Fourth down: Place-kicker Ryan Longwell hit the left upright on a 39-yard field goal attempt.

The Bears drove for a touchdown on their ensuing possession, and the exchange marked an important momentum shift. Instead of taking a 10-0 lead, which might have caused the Bears to abandon the offensive balance they eventually achieved, the Vikings found themselves trailing 7-3. And although they did retake the lead briefly on a 53-yard touchdown pass to receiver Percy Harvin, it came on a one-play series against a busted coverage.

In my mind, the Bears controlled the game from the moment Longwell's kick clanged off the upright.

NFC South Week 10 decisive moment

November, 16, 2010
11/16/10
1:04
PM ET
NFC Decisive Moments: East | West | North | South AFC: East | West | North | South

For the last year or two, there's been a lot of debate about whether Atlanta's Matt Ryan is an “elite'' quarterback.

I'm not sure what the exact qualifications are for that term, but there's a chance history might point back at Thursday night as the moment Ryan officially joined the club.

With 65 seconds remaining in the game, the Ravens took the lead for the first time. That didn't seem to bother Ryan a bit. He took his team straight down the field.

He had the Falcons very close to where they needed to be for a game-winning field goal, but they didn't have to settle for a field goal. With the ball at Baltimore's 33-yard line, Ryan first looked for tight end Tony Gonzalez. When he saw Gonzalez was covered, Ryan turned to secondary receiver Roddy White.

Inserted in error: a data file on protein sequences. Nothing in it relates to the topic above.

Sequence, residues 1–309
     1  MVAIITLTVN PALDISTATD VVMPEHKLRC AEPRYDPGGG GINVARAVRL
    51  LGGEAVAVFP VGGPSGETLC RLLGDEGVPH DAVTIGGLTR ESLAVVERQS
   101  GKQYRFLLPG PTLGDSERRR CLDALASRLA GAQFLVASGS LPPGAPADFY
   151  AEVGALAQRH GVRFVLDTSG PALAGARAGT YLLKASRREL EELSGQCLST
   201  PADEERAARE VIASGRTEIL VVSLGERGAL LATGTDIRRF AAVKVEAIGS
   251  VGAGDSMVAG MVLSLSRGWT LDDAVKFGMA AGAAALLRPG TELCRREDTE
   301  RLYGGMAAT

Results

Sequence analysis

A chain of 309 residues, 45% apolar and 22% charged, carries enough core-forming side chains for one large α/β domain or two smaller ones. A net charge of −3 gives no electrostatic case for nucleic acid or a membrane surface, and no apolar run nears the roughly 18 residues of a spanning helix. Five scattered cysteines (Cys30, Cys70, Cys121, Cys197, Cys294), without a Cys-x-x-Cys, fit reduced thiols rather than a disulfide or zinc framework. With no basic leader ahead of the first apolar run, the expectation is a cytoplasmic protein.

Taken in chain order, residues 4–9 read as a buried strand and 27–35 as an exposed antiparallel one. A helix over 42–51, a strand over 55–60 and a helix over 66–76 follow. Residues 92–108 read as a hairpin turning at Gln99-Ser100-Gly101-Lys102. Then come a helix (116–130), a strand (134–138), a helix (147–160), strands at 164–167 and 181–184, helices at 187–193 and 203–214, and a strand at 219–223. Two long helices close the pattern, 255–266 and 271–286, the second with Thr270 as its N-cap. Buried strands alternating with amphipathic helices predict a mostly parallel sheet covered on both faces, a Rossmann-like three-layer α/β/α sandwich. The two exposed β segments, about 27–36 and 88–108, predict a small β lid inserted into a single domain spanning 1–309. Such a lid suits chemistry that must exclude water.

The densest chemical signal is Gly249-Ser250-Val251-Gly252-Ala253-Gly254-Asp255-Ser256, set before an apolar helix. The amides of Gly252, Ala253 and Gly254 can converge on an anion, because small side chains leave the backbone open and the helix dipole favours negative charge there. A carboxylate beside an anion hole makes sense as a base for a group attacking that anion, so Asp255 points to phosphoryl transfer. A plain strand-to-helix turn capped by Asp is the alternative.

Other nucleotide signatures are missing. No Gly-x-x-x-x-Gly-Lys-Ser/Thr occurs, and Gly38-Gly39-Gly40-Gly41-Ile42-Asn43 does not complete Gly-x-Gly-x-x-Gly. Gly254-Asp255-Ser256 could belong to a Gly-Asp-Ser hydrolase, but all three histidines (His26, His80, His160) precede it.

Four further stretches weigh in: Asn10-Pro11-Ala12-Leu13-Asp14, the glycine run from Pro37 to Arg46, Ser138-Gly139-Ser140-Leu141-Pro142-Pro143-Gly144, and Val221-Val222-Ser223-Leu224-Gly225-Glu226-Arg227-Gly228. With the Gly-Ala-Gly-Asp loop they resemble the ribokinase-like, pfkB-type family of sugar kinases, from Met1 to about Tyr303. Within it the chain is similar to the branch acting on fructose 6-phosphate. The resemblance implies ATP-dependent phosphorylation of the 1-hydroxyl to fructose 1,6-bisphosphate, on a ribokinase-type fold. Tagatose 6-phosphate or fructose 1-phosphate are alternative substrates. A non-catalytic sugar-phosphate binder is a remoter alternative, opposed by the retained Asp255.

Although there was some contact with defensive back Josh Wilson, no penalty was called and White was wide open. Ryan hit him with a touchdown pass with 20 seconds left.

That made the 7-2 Falcons the first NFC team to get to seven wins.

NFC East Week 10 decisive moment

November, 16, 2010
11/16/10
1:00
PM ET
NFC Decisive Moments: East | West | North | South AFC: East | West | North | South

The Eagles-Redskins game was over so quickly, it's hard to remember a decisive moment. I guess you could go with Michael Vick's 88-yard touchdown pass to DeSean Jackson on the first play from scrimmage. But we've already written about that.

Former SMU Mustang Bryan McCann, who was released by the Cowboys at the end of training camp, gave Dallas a 16-3 lead over the New York Giants when he picked off an Eli Manning pass and returned it 101 yards for a touchdown in the second quarter Sunday. Giants head coach Tom Coughlin was quick to point out the interception was Hakeem Nicks' fault for quitting on a slant route at the goal line. McCann, who was briefly on the Baltimore Ravens' roster, stood his ground and then raced the other direction. It set the tone for the rest of the game, and that's why McCann provides our decisive moment of the week.

Cowboys interim head coach Jason Garrett told his players all week that they'd face adversity in Sunday's game. And when Terence Newman and Mike Jenkins left with injuries, McCann was forced into action. He certainly had some tough moments, but he played with a high level of energy and provided a spark.

For a guy who played his college football in Dallas, it had to be a pretty special moment. And I'm sure the Ravens were kicking themselves as McCann raced down the sideline.